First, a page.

Plan calls for new visitors center at Walden Pond

Conservation officials have completed a management plan for the Walden Pond State Reservation in Concord that calls for a new visitors center at the popular historic site, as well as better handicapped accessibility and increased safety measures.

Nathaniel Tipton, a resource management planner for the state Department of Conservation and Recreation, said the need for a new visitors center, with room for displays putting the site’s history in perspective, was the driving force behind the plan, which also lays out other recommendations for the 335-acre property made famous by Henry David Thoreau.

“Of all of the properties that DCR manages, I would argue Walden is the most well-known, yet we don’t have a centralized location there for interpretation,’’ Tipton said.


Officials say given Walden’s recreational and cultural importance, it deserves better, but funding remains an obstacle. Tipton said the project is expected to cost nearly $6 million, but the state property has just $2 million in capital funds available.

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S.J. Port, a department spokeswoman, said it’s not known when the remainder of funding will come through. She said the agency’s commissioner recently announced his resignation, so priorities will be reviewed under new leadership.

She said funding priorities change during the course of a year, depending on which projects are ready to go and whether unexpected expenses arise, such as storm damage at state parks.

The Department of Conservation and Recreation oversees the Walden reservation, which encompasses the 102-foot-deep glacial kettle-hole pond as well as acres of forested land frequented by the 19th-century writer and philosopher. In the summer, visitors flock to the pond for swimming, and they explore the trails that ring the pond, and visit the replica of Thoreau’s one-room cabin, year-round.

Thoreau lived at Walden Pond from July 1845 to September 1847. His experiences there provided the material for his book “Walden.’’


Kathi Anderson, executive director of the Walden Woods Project, said she has had some preliminary conversations with the state agency about the idea of private fund-raising to support the project.

“It may require some creative public/private partnership,’’ said Anderson.

She said it is too early to say whether the Lincoln-based conservation group would be an active participant in such an effort, but noted she is eager to see a new center that helps relay the importance of the site to the public.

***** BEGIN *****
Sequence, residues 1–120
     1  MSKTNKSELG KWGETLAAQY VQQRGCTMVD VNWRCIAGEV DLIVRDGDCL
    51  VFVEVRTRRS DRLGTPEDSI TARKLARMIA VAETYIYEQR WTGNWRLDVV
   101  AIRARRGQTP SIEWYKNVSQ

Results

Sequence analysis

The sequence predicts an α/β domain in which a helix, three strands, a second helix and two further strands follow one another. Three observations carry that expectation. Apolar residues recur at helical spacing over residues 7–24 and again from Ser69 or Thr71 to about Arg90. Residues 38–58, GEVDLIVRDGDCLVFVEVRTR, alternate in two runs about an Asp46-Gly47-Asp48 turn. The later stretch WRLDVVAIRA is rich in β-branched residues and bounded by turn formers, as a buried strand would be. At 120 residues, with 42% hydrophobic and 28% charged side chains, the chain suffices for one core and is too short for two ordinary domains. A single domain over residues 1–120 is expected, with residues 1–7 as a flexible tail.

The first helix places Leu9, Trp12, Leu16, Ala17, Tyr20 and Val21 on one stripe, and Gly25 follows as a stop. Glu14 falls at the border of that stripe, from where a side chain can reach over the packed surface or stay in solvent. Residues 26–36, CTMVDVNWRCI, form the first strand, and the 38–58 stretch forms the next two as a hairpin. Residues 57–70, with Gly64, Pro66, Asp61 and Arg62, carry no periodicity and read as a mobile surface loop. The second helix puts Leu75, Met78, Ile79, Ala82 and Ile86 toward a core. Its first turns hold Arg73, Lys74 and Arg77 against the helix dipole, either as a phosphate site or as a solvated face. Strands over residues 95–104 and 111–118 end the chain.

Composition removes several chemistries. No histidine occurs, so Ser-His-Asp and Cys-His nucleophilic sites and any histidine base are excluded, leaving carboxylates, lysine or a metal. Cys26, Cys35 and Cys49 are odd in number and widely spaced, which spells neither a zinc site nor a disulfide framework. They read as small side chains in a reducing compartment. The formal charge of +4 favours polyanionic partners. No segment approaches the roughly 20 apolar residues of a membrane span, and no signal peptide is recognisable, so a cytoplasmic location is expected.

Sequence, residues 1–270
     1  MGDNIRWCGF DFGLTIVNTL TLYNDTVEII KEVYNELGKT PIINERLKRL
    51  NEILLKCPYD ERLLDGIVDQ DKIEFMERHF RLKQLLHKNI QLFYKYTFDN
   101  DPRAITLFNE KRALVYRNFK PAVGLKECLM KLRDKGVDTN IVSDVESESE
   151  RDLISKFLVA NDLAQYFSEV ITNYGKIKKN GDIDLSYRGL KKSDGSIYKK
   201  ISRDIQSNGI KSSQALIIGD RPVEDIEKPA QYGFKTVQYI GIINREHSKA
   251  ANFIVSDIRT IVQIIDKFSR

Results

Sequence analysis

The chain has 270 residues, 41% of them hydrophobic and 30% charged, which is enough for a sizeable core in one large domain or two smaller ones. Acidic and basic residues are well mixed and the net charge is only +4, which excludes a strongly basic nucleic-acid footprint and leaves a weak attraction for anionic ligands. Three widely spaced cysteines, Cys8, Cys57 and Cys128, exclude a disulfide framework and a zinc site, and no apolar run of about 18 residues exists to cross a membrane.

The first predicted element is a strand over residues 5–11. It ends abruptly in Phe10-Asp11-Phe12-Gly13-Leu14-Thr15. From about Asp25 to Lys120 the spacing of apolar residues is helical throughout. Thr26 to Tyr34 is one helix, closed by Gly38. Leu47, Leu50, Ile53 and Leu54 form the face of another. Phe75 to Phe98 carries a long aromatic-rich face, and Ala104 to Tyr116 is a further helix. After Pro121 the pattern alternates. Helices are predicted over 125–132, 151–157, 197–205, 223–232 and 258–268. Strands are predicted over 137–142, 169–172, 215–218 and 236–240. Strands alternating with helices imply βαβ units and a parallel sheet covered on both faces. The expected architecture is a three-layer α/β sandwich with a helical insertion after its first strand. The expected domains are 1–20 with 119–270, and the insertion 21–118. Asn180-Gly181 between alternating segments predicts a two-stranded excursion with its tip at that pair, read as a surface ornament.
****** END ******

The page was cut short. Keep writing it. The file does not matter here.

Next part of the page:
“I feel very strongly a new visitors center is absolutely essential to provide the educational and interpretive experience people . . . expect’’ to see at Walden, Anderson said. “The present site is very limited. It does not really reflect the image and message that many of us want Walden to convey.’’

The property has one building that serves as the park’s headquarters and a bookstore for the Thoreau Society. It has a kiosk with maps and a conference room, but officials say more space is needed for interpretive displays and programs, as well as for large groups to gather in cold or rainy weather.


About 600,000 people visit the reservation annually to take part in recreational activities, but also to learn more about Thoreau, Tipton said.

‘I feel very strongly a new visitors center is absolutely essential to provide the educational and interpretive experience people . . . expect. The present site is very limited.’

Based on guest-book entries at the Thoreau cabin site during a three-month period in the summer of 2008, for example, visitors from 52 countries and every state in the nation visited Walden, Tipton said.

“That really shows Walden has not only a national importance, but an international importance,’’ he said. “The construction of a new visitors center would help augment the public’s understanding of what makes Walden such a unique and special place.’’

Lincoln resident Kenneth Bassett, the chairman of the Walden Pond State Reservation Advisory Board, said its members support the idea of a new center because the existing one is inadequate.

“It’s nowhere near what this reservation deserves,’’ he said.

Bassett said other key recommendations in the management plan call for taking steps to maintain the pond’s water quality, and improve wheelchair accessibility and public safety for visitors who have to cross busy Route 126 to access the pond from the parking lot.

The ramp leading to the pond from Route 126 has a steep grade that is not safe for wheelchair users, officials said. Currently, individuals with limited mobility park at the boat ramp to access the shore line.

Tipton said the department would like to work with Concord officials to improve safety along Route 126 by making the crosswalks more visible to vehicle traffic. One idea calls for installing brick pavers in the road to designate the crosswalk.

Other recommendations call for increased monitoring of boats to prevent invasive species from entering the pond, creating a program for monitoring sensitive cultural materials, including archeological sites and the Thoreau cabin, for vandalism and erosion, and studying safety issues around open-water swimming, which has grown in popularity in recent years.

Jennifer Fenn Lefferts can be reached at